Nothing to sneeze at.

§ June 21st, 2024 § Filed under little lulu, moustache § 6 Comments

So Pal Joe dropped this by the store for me on Thursday, a real oddity of a book…the Little Golden Book Little Lulu and Her Magic Tricks from 1954:

If you look closely, you may notice the table in front of Lulu and Alvin, with all th ecrafts and goings-on there, is actually three-dimensional. Because that’s not just a drawing, that’s an actual gosh-darn pack of Kleenex tissue paper embedded in a hole cut into the cover! Here’s a shot of the inside front cover:

(Yes, it’s upside down, that how it looks when you open up the cover.)

Here’s the small-print text into on the copyright page, which is like a place where you’d put something for parents to read, but it’s definitely written as an in-universe explanation for kids:

“For a long time Little Lulu was wondering how she would look in a Little Golden Book. Here, finally, she makes her bow — and of all things — as a magician.

“It was a a pleasant surprise to us to discover that Little Lulu knew how to make cute toys and other objects out of Kleenex tissues. It occurred to us that thousands of other children might want to make these, too, and so we asked the International Cellucotton Products Company how they would feel about making up for us a special pack of tissues for Little Lulu’s book. They cheerfully agreed and we are properly grateful to them.

“Have fun, and we hope the things you make turn out beautifully.


Children: never too young to learn about corporate collaboration. Also, what kind of Steve Jackson’s Illuminati-type name is “International Cellucotton Products Company,” anyway.

Most of the book is about Lulu and her magical tissue shenanigans, as per these pages:

And the last pages are devoted to Kleenex Krafts:

What’s really amazing to me is that book and its tissues and the tissue package’s attachment to the cover have remained intact for seventy years. That no kid ever popped the tissue back out and started making Kleenex bunnies or whatever. I mean, granted, after the first year or so of ownership, the likelihood of that happening goes down quite a bit as the book gets stowed away in a box in the garage for the next several decades, but still, it’s a sight to see.

But apparently not too uncommon a sight, as a quick glaces at he eBays shows plenty of intact copies of this book to be had, at far more reasonable prices than I expected. (And far less than the price expected by whichever anonymous bookseller had pencilled in a light “$75” on the first page at some point in this book’s lifetime.)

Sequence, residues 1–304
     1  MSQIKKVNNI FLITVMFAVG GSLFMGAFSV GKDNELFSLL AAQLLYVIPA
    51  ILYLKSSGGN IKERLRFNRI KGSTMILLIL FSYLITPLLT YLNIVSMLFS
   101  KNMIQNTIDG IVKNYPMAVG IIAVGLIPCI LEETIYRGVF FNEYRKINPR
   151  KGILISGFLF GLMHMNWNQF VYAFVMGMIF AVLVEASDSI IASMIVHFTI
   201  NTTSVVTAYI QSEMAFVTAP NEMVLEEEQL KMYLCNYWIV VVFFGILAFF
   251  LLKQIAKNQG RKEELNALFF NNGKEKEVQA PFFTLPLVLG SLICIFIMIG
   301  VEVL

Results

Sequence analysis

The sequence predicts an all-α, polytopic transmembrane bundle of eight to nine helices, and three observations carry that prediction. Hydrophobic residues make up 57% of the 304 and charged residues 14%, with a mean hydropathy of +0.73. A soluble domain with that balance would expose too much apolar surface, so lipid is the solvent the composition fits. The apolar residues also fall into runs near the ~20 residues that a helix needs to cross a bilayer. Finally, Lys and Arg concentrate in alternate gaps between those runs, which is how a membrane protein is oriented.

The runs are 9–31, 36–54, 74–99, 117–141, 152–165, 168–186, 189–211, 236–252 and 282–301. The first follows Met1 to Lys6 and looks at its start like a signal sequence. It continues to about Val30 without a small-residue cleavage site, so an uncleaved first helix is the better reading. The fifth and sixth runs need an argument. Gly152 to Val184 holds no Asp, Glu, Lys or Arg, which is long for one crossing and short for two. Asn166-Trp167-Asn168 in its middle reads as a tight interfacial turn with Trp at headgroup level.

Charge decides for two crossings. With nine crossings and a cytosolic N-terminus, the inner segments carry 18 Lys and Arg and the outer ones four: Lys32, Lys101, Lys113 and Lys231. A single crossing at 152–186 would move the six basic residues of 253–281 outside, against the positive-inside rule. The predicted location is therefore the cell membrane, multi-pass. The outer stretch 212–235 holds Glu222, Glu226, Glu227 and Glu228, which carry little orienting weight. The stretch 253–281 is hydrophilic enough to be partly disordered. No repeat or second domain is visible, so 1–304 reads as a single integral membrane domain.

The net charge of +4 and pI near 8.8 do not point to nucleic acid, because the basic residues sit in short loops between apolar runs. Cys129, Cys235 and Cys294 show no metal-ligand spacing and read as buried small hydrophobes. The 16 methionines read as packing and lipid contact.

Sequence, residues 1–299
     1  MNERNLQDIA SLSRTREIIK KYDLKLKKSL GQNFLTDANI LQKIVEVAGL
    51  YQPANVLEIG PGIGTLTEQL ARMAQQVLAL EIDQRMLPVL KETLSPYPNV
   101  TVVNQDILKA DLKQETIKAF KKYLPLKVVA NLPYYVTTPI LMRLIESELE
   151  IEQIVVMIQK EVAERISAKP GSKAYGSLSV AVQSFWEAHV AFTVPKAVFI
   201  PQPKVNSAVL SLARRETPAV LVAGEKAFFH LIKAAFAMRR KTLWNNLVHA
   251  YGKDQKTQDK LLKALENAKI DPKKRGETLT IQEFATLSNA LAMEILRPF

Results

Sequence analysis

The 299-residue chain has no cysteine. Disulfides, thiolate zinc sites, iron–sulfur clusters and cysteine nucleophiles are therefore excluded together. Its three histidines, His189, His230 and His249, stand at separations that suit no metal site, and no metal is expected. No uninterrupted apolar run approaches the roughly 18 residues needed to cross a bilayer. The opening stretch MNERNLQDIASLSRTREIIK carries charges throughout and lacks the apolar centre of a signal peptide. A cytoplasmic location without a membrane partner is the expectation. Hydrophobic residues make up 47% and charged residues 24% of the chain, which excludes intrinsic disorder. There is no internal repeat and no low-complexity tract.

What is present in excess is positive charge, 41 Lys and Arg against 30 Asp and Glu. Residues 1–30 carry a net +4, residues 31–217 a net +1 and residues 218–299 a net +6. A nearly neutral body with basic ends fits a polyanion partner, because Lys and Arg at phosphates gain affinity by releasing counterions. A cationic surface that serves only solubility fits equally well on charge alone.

So, I don’t know what I’m going to do with this book. I feel oddly protective of its intact nature, despite there apparently being plenty out there in similar condition. But I can’t keep everything, so probably into my shop it goes, as some price I can live with. Plus a contract to be signed by the buyer promising he’ll never open up that pack of Kleenex.

And I’m sorry to say, magician costume and mustache are not included:

…but you’ve probably got enough tissue around the house to make those, right? There’s black non-Kleenex tissue out there, I looked it up. But beware, the International Cellucotton Products Company will find out.

6 Responses to “Nothing to sneeze at.”

  • Paul Engelberg says:

    International Cellucotton Products Company sounded like a made up name, but it turns out to be real. It was started in 1920 by F. J. Sensenbrenner and James C. Kimberly in Chicago, Illinois as a subsidiary of the Kimberly & Clark Company. It was called Cellucotton Products Company until 1926, when it became Kotex Company, and then in 1927 International Cellucotton Products Company. In 1955 it was merged into its parent company, Kimberly & Clark. The product Kleenex dates back to 1924, but Kotex is even older, begun in 1920.

    There is extensive information about Little Lulu and Kleenex at

    Kleenex started out as a crepe paper gas mask filter during the Great War. It was modified into the menstrual pad Kotex during the 1920s. Made thinner and softer, it became Kleenex in 1924, a cold cream remover. By the 1930s, its main use was as a disposable handkerchief replacement. In 1943, Kleenex began licensing Little Lulu to popularize itself.

  • Michael Grabowski says:

    I think this surpasses Swamp Thing chalk for most unlikely comics/consumer product cross-over.

  • Thelonious_Nick says:

    Man, I would really hesitate to sign a contract like that. I mean, it might sound great when I sign it at the store, but what happens when I need to sneeze on the car ride home?

  • RAR says:

    Michael, there is nothing unlikely in this crossover. Little Lulu appeared for years in advertisements for Kleenex. Just put the two names together into the search engine of your choice, and you will see a few dozen.

  • Aaron says:

    Little Lulu is a child, and kids love to use tissues whether they’re wasted or not..

    I’m sure there could have been an awesome storyline where Swampy turns into chalk and/or has to decipher a mysterious code written with chalk, but I haven’t seen it and can’t find it in the Vast Sterling Archives

  • Snark Shark says:

    “Children: never too young to learn about corporate collaboration.”

    Better there than from McDonalds!

    “Kimberly & Clark”

    Suppliers of industrial size boxes of cheap paper towels & TP everywhere!

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